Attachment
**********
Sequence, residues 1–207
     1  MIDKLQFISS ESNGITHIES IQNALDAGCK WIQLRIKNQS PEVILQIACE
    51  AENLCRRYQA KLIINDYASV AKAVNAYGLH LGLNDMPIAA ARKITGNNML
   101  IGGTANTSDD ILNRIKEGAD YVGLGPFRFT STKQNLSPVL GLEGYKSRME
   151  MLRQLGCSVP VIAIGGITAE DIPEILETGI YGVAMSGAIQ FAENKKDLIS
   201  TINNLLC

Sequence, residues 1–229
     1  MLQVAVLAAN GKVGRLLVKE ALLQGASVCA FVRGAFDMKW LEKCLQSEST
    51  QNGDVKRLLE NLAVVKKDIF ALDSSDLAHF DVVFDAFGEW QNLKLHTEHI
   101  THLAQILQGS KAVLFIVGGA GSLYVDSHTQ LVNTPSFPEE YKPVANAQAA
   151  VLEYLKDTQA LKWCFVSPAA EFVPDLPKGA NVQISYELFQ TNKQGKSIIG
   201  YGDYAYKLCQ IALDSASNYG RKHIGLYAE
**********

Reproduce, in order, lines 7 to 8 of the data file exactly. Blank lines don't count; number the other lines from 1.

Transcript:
Sequence, residues 1–229
     1  MLQVAVLAAN GKVGRLLVKE ALLQGASVCA FVRGAFDMKW LEKCLQSEST